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Virtual Alumni Events

Hosting a virtual event, while not overly complicated, certainly requires some planning and attention. There will be important details that must be considered and addressed, just like for in-person events. For any alumni event, virtual or in-person, three components must be considered:

  1. Purpose
  2. Scheduling
  3. Communications

Why host this event? What purpose does it serve? The answers to these questions are a critical component to the likely success or failure of the event because these answers will compel alumni to attend, or not.

Alumni need to understand the purpose of the event and see personal value in the event. Purpose and value are two things that will increase the probability of alumni attendance.


One thing that is great about virtual events is that “booking the venue” is far easier than traditional in-person events, and venue booking can be a time-consuming process. That said, like any event, if you “throw together” a virtual event, it will be obvious. So it is important to allow sufficient time to effectively plan the event.

Additionally, in your event planning, it is important that you leave enough time in your planning schedule to include adequate communication and promotion, which will be covered further in the Communication section.

For most virtual events, planning should probably begin 3-6 months prior to the event, depending on the scale and formality of the event. An event that includes a special guest speaker will require some additional time and planning than a Netflix watch party.

Finally, depending on the type of virtual event being planned, you may need/want to reach out to your anticipated audience of alumni to help determine a date and time pattern that works best for them. For example, a virtual networking event – where a smaller group of alumni might be invited for any one event – lends itself to reaching out to the alumni you intend to invite and determining when they are available. It requires some extra work, but the alumni being invited will appreciate the consideration of their schedule.


It is important that any event, in-person or virtual, include a communication plan. In developing the communication plan, a vital component is the event’s purpose – why an alumnus should attend and what value the event will have for them. This information is the primary “selling point;” therefore it needs to be included in every piece of communication about the event.

All event communications should tell invitees what to expect if they attend. For virtual events, that information should include:

  • When the event will take place and how long it is expected to last.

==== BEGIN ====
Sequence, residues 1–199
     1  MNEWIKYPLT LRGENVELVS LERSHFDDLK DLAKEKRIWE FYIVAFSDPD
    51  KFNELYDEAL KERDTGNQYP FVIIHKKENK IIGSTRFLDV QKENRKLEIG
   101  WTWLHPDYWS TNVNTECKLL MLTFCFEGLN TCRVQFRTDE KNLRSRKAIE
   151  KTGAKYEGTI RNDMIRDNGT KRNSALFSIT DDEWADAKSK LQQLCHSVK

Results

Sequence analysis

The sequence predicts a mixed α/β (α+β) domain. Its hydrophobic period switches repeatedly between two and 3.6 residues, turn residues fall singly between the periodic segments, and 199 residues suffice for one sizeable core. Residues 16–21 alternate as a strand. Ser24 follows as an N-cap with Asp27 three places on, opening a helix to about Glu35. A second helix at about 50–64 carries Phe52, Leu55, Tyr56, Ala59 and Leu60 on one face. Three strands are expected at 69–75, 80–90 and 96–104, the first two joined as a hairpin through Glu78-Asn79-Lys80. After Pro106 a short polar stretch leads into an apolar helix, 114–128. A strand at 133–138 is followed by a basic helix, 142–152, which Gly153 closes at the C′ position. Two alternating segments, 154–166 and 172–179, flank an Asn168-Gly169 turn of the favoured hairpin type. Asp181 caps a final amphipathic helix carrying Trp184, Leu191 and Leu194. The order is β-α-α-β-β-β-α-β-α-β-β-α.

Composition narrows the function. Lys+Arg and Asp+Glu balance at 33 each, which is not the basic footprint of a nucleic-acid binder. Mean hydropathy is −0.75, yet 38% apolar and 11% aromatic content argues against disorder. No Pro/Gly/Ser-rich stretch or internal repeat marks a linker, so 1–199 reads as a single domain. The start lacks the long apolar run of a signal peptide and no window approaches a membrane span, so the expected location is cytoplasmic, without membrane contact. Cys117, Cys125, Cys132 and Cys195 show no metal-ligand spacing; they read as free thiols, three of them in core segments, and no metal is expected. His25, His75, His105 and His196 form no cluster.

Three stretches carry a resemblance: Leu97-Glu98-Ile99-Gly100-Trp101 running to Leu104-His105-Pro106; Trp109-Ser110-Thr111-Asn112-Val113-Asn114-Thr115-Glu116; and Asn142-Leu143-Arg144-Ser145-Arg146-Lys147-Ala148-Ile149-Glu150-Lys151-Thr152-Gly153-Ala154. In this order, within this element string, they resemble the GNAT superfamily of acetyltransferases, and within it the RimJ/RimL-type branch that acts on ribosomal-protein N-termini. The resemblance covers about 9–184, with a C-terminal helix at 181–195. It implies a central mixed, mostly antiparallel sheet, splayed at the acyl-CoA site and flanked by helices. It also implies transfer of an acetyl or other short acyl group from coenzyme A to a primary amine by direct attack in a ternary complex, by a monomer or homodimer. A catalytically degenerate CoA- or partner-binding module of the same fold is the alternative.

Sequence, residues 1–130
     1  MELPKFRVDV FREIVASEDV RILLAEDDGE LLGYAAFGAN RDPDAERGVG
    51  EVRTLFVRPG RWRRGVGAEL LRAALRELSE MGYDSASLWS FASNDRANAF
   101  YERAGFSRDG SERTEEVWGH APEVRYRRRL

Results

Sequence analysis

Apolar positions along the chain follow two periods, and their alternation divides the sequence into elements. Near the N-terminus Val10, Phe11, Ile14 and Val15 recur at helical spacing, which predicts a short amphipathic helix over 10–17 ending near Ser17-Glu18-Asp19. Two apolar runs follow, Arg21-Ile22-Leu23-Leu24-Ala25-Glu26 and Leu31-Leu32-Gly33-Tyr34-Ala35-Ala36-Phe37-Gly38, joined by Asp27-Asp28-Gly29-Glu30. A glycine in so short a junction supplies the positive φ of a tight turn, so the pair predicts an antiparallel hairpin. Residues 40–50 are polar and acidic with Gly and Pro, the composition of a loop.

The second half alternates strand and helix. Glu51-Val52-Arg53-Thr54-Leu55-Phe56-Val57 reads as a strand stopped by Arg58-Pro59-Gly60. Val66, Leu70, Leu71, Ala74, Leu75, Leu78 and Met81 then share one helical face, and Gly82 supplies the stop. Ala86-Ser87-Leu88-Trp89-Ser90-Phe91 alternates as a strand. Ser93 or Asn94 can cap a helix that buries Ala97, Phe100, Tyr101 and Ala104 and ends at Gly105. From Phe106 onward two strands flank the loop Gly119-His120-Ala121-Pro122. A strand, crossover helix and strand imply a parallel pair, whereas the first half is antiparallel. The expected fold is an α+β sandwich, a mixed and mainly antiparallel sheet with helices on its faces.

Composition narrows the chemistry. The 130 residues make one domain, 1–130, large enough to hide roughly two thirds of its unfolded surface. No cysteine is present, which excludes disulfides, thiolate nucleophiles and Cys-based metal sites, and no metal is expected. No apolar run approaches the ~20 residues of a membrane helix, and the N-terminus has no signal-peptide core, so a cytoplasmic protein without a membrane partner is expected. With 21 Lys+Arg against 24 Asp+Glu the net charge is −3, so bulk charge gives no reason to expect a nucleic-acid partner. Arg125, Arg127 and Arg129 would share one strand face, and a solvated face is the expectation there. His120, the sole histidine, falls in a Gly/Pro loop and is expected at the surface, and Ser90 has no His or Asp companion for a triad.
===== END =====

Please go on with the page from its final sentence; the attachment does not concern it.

• How to attend, including instructions and a link to the event platform. It is important that attendees understand this event is virtual.
  • The topic of the event and how that topic will be addressed (e.g. guest speaker, panel Q &A, moderated conversation, etc.).

The frequency of event communication is going to be based on when you send your event announcement. Generally, an 8-week notice is recommended for event announcements. With that kind of notice, a series of five emails and 3-4 social media posts can form a sound communication schedule for a single event.

Hosting a Virtual Event

First, decide on a virtual meeting platform that meets the needs of your event.

  • Google Meet – Up to 10 users can meet on-demand, or schedule through your Google calendar by adding “conferencing.”
  • Skype – Offers similar features as Google, allowing 10 or fewer users without paying for the business account.
  • Zoom – Offers free video conferencing for up to 100 people. Calls are limited to 40 minutes with the free version, but it may be worth the $15/month in the chapter budget to upgrade the account with no such limitations, which could be used for virtual meetings and events. 
  • GoToMeeting – Has a 14-day free trial and plans to start at $14 per organizer, per month.
  • Webex – Has a 30-day free trial that includes up to 200 participants and monthly plans starting at $13.50 per host, per month.

Next, implement your communication plan and incorporate the appropriate instructions for participants into event communications.

Make sure the event host joins the event a little early so that attendees can enter the event easily. Also, be sure to greet event attendees as they “enter” and provide them some guidance about what to expect. It is also a good idea to check in with attendees if anyone needs to leave the event early so that they can be introduced early if needed.

Depending on the number of attendees, it may be a good idea to have each attendee introduce themselves. For these introductions, ask each person to spend one to two minutes providing a mix of professional and personal information. The event host should do this first to model the introduction and then ask one of the attendees to introduce themselves, rather than waiting for a volunteer.

With virtual events, it is a good idea to end the event as scheduled, even if it is going well. Virtual meetings and events tend to be more draining for participants than in-person gatherings. Further, it is important to be respectful of the alumni brothers’ time, since they should have been informed previously about how long the event would last. Moreover, if the event is going well, then it will end on a high note and the attendees have enjoyed themselves, which is a good thing when planning future virtual events.

When the event is over, send a quick follow up email to all attendees thanking them for their attendance and encouraging them to continue to stay in touch with one another and the chapter.

© 2015-2022 Sigma Nu Fraternity, Inc.
9 North Lewis Street, P.O. Box 1869, Lexington, Virginia 24450
Phone: (540) 463-1869 | Fax: (540) 463-1669 | Email: headquarters@sigmanu.org

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